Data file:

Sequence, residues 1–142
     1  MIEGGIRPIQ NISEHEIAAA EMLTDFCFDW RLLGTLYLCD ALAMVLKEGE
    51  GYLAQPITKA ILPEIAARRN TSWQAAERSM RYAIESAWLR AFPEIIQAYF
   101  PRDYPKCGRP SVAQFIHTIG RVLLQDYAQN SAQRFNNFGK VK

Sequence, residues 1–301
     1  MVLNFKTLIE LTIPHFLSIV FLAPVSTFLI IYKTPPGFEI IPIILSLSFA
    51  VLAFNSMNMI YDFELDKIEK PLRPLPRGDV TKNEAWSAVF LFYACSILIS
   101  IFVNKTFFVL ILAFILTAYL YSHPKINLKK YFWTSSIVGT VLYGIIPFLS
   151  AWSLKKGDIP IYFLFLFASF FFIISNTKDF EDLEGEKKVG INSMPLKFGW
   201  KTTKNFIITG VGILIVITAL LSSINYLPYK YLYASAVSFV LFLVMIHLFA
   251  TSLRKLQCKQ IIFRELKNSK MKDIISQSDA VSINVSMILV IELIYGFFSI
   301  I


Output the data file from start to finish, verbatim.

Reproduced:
Sequence, residues 1–142
     1  MIEGGIRPIQ NISEHEIAAA EMLTDFCFDW RLLGTLYLCD ALAMVLKEGE
    51  GYLAQPITKA ILPEIAARRN TSWQAAERSM RYAIESAWLR AFPEIIQAYF
   101  PRDYPKCGRP SVAQFIHTIG RVLLQDYAQN SAQRFNNFGK VK

Sequence, residues 1–301
     1  MVLNFKTLIE LTIPHFLSIV FLAPVSTFLI IYKTPPGFEI IPIILSLSFA
    51  VLAFNSMNMI YDFELDKIEK PLRPLPRGDV TKNEAWSAVF LFYACSILIS
   101  IFVNKTFFVL ILAFILTAYL YSHPKINLKK YFWTSSIVGT VLYGIIPFLS
   151  AWSLKKGDIP IYFLFLFASF FFIISNTKDF EDLEGEKKVG INSMPLKFGW
   201  KTTKNFIITG VGILIVITAL LSSINYLPYK YLYASAVSFV LFLVMIHLFA
   251  TSLRKLQCKQ IIFRELKNSK MKDIISQSDA VSINVSMILV IELIYGFFSI
   301  I